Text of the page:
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Way of the Turtle: The Secret Methods that Turned Ordinary People into Legendary Traders Hardcover – March 9, 2007
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From the Publisher
Curtis M. Faith was the most successful of the Turtles, earning more than $30 million for Richard Dennis while trading as a Turtle. He is one of the industry's leading pioneers of mechanical trading systems and software. Faith is currently head of research and development for Trading Blox, LLC, a company that specializes in software for trading system analysis and development. He also runs an Internet forum for mechanical system traders at tradingblox.com/forum.
From the Back Cover
After nearly 25 years, the turtles come out of their shells.
Way of the Turtle takes a never-before-seen look at the legendary Turtle Traders and the famous experiment that made them millions. Curtis Faith, the most successful member of this elite group, breaks the silence to reveal the rules, timing, risks, rewards, and secrets to his biggest trades and 100 percent annual returns. Sharing behind-the-scenes insights and step-by-step techniques, Faith shows how you can use the Turtle Way to achieve enormous profits-whatever your skill level.
The most successful turtle was apparently Curtis Faith. Trading records show that Mr. Faith, who was only 19 when he started the program, made about $31.5 million in profits for Mr. Dennis.-Stanley W. Angrist, The Wall Street Journal
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Let your winners run, have a SIMPLE plan, discipline. Most of these trading books say the same thing, though I did enjoy the story.
Also when it comes to systems, less is more. I do forex and I would use like 3 moving averages, RSI, blah blah. It doesn’t work. Pure price action, just two MA’s and donchian break outs have been good for me and this book used stats to actually determine that 2 is better than 3 when it came to the MA’s and trading breakouts was more profitable with the donchian. SO that was cool to see.
If you are a struggling trader, never give up. Eventually find your system, keep it simple, remain humble, and SHOW UP!
But much more emphasis on being disciplined both in terms of system and psychology.
The methods that are discussed are sound but quite difficult to implement.
However, I suggest that anyone interested in trading take a look at the book.
Most of the "Turtle" books focus on how successful the traders were, offering little about their methods.
The reason I was 'far beyond' is that I had already read Curtis Faith's 'Way of the Turtle' several years ago. His book is a must for any really serious trader who wants to make his monies consistently appreciate over time. Faith's excellent book assisted me with my goal to develop an optimization approach for any indicator - a 'robust' approach - meaning that the superb trading results obtained from using the optimized indicator were consistently positive (irrespective of the stock invested in, and irrespective of the market conditions). This sounds like a trader's dream, but it really works.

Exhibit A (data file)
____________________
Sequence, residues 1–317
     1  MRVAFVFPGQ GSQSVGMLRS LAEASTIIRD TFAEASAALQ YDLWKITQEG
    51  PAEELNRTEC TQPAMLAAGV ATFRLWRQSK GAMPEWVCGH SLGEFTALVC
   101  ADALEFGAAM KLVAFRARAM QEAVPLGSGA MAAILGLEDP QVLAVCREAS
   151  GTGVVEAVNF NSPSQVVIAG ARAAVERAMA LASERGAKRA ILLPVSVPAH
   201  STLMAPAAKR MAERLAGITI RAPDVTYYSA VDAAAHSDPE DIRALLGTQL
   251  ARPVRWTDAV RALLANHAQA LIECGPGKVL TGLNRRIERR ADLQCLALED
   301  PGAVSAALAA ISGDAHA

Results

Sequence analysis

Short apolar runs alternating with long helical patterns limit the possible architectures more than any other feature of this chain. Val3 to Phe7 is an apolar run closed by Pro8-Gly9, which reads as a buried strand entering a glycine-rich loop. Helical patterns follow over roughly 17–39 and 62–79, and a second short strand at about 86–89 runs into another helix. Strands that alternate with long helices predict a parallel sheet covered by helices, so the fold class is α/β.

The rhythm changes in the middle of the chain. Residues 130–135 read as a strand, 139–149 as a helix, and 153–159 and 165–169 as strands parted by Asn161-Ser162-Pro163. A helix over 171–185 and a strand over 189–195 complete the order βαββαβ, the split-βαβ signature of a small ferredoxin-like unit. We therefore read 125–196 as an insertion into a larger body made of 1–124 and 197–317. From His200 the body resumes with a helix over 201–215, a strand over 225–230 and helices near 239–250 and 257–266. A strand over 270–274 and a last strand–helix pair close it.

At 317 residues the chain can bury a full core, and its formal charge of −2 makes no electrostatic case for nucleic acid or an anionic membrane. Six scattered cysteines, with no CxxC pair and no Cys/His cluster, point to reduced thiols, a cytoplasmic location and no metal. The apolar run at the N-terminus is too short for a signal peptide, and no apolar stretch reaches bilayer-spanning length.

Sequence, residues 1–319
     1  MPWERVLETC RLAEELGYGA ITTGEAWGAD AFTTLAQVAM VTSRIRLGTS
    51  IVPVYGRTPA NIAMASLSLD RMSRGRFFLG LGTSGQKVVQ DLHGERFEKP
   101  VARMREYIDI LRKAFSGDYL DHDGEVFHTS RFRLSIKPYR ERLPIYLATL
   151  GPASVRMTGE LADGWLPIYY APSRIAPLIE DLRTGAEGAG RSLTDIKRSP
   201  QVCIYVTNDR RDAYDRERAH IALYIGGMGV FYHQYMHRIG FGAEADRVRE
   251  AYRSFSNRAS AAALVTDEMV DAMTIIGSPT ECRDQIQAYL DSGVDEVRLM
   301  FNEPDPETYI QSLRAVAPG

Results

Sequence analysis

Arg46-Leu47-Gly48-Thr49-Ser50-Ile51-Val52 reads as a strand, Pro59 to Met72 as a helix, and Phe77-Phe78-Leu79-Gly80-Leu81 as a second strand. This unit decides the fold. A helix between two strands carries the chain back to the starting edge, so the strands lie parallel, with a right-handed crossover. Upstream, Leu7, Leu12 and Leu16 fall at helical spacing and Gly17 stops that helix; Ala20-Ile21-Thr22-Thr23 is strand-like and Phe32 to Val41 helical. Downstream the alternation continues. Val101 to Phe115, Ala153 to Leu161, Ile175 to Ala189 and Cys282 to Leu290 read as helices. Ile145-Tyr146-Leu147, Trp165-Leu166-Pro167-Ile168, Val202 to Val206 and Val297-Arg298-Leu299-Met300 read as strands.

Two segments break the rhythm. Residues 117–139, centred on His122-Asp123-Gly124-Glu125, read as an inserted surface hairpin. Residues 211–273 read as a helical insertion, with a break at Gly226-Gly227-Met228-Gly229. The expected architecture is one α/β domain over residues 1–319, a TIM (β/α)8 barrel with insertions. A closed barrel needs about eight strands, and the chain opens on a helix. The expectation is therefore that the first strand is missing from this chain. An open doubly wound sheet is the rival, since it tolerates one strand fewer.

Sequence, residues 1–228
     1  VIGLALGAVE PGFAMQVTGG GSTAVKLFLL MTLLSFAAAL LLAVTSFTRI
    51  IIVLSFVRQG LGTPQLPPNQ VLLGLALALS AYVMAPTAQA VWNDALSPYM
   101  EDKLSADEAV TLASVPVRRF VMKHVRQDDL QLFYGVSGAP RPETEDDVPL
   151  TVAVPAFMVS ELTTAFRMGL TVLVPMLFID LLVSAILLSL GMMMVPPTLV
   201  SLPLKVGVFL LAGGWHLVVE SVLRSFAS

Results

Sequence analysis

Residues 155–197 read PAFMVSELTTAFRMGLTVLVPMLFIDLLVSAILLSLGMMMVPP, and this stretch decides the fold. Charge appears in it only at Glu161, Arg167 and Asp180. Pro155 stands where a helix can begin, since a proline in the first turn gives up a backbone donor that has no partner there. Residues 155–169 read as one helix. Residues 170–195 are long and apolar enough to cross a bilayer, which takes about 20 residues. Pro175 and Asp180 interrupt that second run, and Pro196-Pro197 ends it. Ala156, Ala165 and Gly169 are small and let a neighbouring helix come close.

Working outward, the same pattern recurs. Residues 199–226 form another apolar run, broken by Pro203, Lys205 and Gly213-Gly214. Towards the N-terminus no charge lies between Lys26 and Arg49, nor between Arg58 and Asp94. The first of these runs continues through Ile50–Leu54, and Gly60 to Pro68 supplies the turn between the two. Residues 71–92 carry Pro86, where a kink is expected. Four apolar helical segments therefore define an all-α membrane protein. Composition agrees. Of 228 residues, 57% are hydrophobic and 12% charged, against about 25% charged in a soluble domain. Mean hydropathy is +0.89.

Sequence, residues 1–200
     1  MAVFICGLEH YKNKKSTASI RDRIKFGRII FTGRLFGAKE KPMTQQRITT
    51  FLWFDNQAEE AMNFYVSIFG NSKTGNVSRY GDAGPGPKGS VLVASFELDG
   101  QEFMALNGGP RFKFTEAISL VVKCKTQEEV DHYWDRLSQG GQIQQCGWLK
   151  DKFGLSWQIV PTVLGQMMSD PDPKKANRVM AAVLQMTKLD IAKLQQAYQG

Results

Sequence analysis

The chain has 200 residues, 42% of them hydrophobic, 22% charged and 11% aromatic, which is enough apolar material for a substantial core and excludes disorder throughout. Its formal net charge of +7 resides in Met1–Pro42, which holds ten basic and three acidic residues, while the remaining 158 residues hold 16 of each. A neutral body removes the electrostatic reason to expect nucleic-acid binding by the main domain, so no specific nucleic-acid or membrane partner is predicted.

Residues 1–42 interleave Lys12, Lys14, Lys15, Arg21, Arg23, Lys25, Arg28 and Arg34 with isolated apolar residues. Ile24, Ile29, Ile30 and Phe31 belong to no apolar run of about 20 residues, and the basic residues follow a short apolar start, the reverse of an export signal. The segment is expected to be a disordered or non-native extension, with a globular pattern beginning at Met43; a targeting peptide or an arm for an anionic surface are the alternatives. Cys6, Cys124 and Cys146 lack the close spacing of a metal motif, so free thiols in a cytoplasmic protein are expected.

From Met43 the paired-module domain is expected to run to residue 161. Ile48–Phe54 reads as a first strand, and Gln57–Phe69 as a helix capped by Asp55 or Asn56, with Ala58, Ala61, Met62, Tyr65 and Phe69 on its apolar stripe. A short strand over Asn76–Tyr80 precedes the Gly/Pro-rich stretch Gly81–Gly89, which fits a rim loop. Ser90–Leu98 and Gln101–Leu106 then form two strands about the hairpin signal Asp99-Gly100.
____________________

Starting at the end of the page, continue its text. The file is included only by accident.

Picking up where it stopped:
At this point, I use the approach only for my own trading, and have little desire to sell subscription services to would-be traders. I suspect that many so-called 'entrepreneurs' who sell subscription services to traders prefer to take traders' cash, rather than invest in the markets themselves. It's much easier to sell suggestions to others, rather than risking one's own cash (especially if the suggestions are not backed up by a sound, well-tested system).
Back to Curtis Faith's book: it's full of gems! The gems include "how to determine whether or not you have an 'edge' before participating in a trade" and "how to calculate that edge." There are many other gems. To top it off, the book is also entertaining. Last but not least, this book is one of the few which alert traders to the many hazards involved when trading in the marketplace. Curtis Faith's message: "You must have an edge before you trade." I agree with him.
"Way of the Turtle" is a must-read - already many traders think so, for the sale of Faith's books is quite crisp. There is also a later edition out, which I'm considering purchasing, as well. Thank you, Curtis Faith!
Top international reviews
But be careful. Clenow in Stocks on the Move: Beating the Market with Hedge Fund Momentum Strategies says "Classic trend following is done on futures. The normal way to execute this strategy is to follow trends on a large set of futures markets ... if you apply a trend following model to a single market, you're just gambling... the core premise of trend following is therefore based on diversification".
So, use the techniques Faith describes, but be careful to execute them within a large portfolio of futures trades. I recommend that you read this book first: Following the Trend: Diversified Managed Futures Trading (Wiley Trading).
Fortunately the book has value to investors as well as traders. This is not a book about forecasting but about identifying repeatable and exploitable opportunities in markets. Faith makes valuable comments on the importance of considering the state of the market and how the productivity of a process may depend on this state. Helpfully Faith provides guidance on how to test processes. Many of these steps are intuitive, simple and logical but put together they provide a suite to truly examine the robustness of any system. Any trader must have total confidence in his process if he is to survive a long drawdown.
Surprisingly Faith does not consider the impact of computer driven trading. Presumably strategies employed by CTAs and statistical arbitrage programmes will be similar to those espoused by Faith. With billions of dollars following these strategies, free from heuristic flaws, it would seem reasonable to expect increasing levels of process degeneration. The question is not considered.